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About Me

Welcome to Tomball Elementary Math Specialist page. 



Hello. My name is Linsey Tipton. I am the new Math Specialist for Tomball Elementary School. Currently, I am in my fourteenth year in education. Previously, I’ve worked as the Director of Elementary Mathematics, District Instructional Coach, a campus Math Instructional Specialist, Math Title 1 Intervention Teacher and Elementary Teacher. I hold educational certifications for the state of Texas in the areas of Generalist (EC-6) and English as a Second Language. I received my Bachelors of Science degree in Curriculum and Instruction in May of 2005. I completed my Masters of Science degree in Curriculum and Instruction in 2007. I also completed a Masters of Education degree in School Administration in 2011. Currently, I’m completing my Doctorate of Education degree in Curriculum, Instruction, and Assessment. My experience in the classroom includes; mandatory field placements including one semester of formal student teacher, paraprofessional, long-term substitute teaching, certified classroom teacher, grade level team lead and instructional specialist.


My primary role as math specialist is to assist teachers with unleashing each student’s highest intellectual ability through the gradual release of responsibility. Math instruction aims to ensure that expectations for teaching and learning are clear, consistent, and tightly aligned to the goals of the standards themselves. Mathematics instruction requires focus strongly where the standards focus, coherence across grade levels to link major topics in each grade and rigor with equal intensity of conceptual understanding, procedural skills and applications.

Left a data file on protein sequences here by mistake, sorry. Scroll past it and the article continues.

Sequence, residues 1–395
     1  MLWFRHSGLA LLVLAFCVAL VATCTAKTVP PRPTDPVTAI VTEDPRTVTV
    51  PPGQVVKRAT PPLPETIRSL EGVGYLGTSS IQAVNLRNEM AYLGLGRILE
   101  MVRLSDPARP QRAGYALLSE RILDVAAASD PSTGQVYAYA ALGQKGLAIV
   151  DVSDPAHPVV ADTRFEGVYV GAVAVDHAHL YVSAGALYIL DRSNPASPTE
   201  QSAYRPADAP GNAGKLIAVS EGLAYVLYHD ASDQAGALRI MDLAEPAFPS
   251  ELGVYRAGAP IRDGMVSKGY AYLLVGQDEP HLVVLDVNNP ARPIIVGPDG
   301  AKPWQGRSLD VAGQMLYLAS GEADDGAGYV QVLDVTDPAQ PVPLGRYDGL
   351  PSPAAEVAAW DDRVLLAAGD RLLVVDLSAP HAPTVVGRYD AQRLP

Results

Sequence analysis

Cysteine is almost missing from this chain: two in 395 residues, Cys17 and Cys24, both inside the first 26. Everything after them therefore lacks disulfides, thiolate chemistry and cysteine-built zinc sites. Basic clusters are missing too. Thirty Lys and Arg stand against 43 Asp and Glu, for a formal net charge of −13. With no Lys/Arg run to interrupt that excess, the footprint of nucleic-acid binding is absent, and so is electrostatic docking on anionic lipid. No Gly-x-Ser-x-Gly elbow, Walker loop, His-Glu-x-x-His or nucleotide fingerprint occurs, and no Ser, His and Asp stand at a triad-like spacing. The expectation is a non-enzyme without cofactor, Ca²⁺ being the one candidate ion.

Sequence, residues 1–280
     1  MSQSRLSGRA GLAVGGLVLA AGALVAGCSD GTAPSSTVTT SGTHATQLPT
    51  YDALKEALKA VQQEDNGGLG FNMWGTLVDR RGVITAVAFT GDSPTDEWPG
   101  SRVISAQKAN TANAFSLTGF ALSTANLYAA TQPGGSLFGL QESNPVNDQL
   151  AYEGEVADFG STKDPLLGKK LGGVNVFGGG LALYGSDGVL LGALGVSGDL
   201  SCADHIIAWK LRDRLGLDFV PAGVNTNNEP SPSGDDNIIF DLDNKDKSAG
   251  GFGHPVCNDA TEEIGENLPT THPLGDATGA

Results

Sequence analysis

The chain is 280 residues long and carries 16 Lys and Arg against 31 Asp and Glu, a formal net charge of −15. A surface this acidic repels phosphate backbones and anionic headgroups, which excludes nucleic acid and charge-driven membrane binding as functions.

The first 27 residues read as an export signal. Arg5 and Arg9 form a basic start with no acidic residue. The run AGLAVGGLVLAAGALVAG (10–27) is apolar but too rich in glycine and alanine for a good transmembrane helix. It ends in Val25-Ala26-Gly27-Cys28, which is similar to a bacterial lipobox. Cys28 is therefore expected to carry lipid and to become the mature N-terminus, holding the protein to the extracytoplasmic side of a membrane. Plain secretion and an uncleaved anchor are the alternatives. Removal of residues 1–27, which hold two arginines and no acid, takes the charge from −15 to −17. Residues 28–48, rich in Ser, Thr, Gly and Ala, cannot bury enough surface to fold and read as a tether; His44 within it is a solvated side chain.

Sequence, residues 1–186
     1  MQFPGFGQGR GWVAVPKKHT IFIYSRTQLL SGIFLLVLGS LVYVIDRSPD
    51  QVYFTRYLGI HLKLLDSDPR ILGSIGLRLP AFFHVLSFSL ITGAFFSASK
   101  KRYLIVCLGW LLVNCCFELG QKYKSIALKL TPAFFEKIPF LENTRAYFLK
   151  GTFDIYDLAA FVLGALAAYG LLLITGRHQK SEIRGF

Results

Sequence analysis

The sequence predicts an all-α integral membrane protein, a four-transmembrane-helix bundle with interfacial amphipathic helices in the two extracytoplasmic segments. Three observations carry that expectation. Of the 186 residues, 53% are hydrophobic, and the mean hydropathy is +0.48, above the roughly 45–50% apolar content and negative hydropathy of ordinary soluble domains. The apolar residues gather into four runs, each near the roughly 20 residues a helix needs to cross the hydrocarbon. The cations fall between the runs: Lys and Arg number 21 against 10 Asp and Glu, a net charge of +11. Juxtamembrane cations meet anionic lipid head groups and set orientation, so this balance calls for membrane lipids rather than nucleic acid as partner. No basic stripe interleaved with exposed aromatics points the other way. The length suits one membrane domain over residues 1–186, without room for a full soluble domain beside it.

So what is 21st century instruction in an elementary math class?  It is bold.  It breaks the mold.  It is flexible, creative, challenging, and complex.  It addresses a rapidly changing world filled with fantastic new problems as well as exciting new possibilities. 

We must teach mathematics for understanding. Students must...

  • Discover a variety of ways to compute
  • Communicate about math
  • Use math to communicate
  • Demonstrate a sense of number
  • Develop the ability to solve problems creatively
  • Expand mathematical ways of thinking


To be successful, students need to think mathematically-to approach problems in many ways. This shift can be accomplished if we make a corresponding shift in instruction, teaching students how to develop higher-order thinking skills. We need to move instruction away from direct instruction and individual worksheet practice toward active engagement through minds-on and hands-on investigations; cooperative learning; and partner, small-group, and class discussions.


My purpose in working as Tomball Elementary School Math Specialist is to promote student engagement in meaningful mathematics activities involving differentiated instructional approaches.